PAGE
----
I have a good friend, Mark, who is perhaps the most prolific reader I have ever known. I estimate he goes through 3-4 books a week. I’m not exaggerating, and I envy his speed. And, he will let me know quickly if he reads more than that.

Not only is Mark a consummate reader, but the diversity of books that he reads is enormous. Mark reads a lot of suspense/thriller books, but he also reads a lot of literary fiction — those books by authors that don’t fit  “popular” fiction tag — Don DeLillo, Anton Checkov, Louise Erdrich, Alice Munro among others. For me, literary fiction, and nonfiction, too, requires “effort,” and the books are not easy to read. I don’t mean to imply that anyone who reads popular fiction is lazy, it’s just that I am lazy with them. My patience wears really thin. I tried reading a Thomas Pynchon novel once and had to give up before the third chapter. Whoa!

Stephen E. Ambrose

Stephen E. Ambrose (Photo credit: Wikipedia)

As for nonfiction, a month ago, I tried to read Undaunted Courage by Stephen Ambrose about explorers Lewis and Clark. Like I said, I’m usually a fiction guy, but I tried. As I started reading, all that kept running through my mind was the following: “We walked a little down the river and we saw this … Or, we crossed over this mountain and saw that… Or, we noticed some teepees were up ahead and we approached cautiously …” It was a struggle for me to pull Lewis and Clark together. No spies, no loose nuclear bombs, no car chases, no unbridled sex, no D.C. madness (oh, wait, that was supposed to imply fiction not reality).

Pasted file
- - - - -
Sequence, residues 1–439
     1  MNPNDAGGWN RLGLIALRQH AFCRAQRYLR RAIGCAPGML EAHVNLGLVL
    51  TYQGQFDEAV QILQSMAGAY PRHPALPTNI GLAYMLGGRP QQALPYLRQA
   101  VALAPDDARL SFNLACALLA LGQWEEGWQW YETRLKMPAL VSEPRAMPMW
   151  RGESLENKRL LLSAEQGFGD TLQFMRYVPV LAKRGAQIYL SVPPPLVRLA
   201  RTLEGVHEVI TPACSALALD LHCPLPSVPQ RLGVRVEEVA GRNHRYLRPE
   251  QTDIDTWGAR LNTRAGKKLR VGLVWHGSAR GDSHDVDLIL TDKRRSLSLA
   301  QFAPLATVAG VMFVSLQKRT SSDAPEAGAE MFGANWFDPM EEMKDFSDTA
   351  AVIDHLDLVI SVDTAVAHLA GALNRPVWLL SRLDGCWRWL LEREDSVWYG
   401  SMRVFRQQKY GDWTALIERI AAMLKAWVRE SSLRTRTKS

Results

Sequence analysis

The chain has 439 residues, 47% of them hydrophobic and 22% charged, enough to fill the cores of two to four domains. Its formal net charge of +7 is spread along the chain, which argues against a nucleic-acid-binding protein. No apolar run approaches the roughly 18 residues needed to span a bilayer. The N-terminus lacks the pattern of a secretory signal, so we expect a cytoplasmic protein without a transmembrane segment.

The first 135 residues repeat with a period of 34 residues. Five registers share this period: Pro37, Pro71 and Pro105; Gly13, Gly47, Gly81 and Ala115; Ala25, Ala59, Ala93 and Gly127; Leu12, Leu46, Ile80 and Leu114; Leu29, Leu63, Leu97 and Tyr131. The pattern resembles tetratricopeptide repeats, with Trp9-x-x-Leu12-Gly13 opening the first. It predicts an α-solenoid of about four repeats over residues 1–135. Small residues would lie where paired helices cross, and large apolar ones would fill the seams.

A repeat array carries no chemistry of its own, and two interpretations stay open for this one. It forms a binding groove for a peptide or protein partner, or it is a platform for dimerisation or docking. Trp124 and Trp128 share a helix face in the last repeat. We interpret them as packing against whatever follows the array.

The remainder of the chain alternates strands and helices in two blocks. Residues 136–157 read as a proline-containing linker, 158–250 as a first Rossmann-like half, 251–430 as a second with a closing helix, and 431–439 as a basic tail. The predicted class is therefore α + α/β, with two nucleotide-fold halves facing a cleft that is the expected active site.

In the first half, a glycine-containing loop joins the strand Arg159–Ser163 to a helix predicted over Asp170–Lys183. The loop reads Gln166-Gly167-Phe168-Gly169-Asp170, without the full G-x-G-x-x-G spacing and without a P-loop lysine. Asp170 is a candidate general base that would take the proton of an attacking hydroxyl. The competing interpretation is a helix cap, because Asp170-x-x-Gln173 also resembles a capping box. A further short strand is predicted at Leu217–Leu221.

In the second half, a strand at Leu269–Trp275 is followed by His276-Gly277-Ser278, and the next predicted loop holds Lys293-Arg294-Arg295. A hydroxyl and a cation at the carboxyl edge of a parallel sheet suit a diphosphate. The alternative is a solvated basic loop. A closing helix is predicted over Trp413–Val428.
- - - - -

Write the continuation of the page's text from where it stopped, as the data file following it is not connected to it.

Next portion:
Well, you get the picture. I’m a lazy reader, or maybe unchallenged would be a more satisfying term. I tend to gravitate toward the Grishams, Cobens, Connellys, DeMilles, North Pattersons, Burkes — popular fiction. And I know I am not alone. Today, I read an interview with Malcolm Gladwell, author of The Turning Point, and the interviewer asked him what kinds of books filled his shelves. “Lots of books with the word ‘spy’ in the titles,” he said.

The closest I can come to literary fiction is Pat Conroy and Dennis Lehane. Both of these authors are not only great writers, but when I read their writing , I feel like I am exercising all my senses in unison.

So, I was a bit taken aback yesterday when I saw an article in the NYTimes about a recent study. The main point of the study is that people who read literary fiction are better enabled through their reading to understand what others are feeling. I read the article and, once complete, had some strong feelings. Sure, I want to be more empathetic, have more social perception and be more emotionally intelligent. The other implication is that you are more “hip” if you read literary fiction over popular fiction. But, hell, the fact that I even read at all is somewhat of an anomaly these days.

Let’s put it this way, I wouldn’t want to be Jay Leno and head out on one of his Jaywalks in Santa Monica and ask anyone whom he meets for the title of the latest book the individual has read. He my not have a Jaywalk segment that evening.

Below is the link to the NYTimes story about the study. Check it out; it is very interesting.

As for me, I might try again with the literary fiction, but for now I’m in the middle of Dan Brown‘s Inferno and Brad Meltzer’s The Fifth Assassin. I’ll work on my empathy skills later …

The New York Times (@nytimes)
A study finds that reading literary fiction makes you better at decoding what other people are feeling nyti.ms/17xRPiG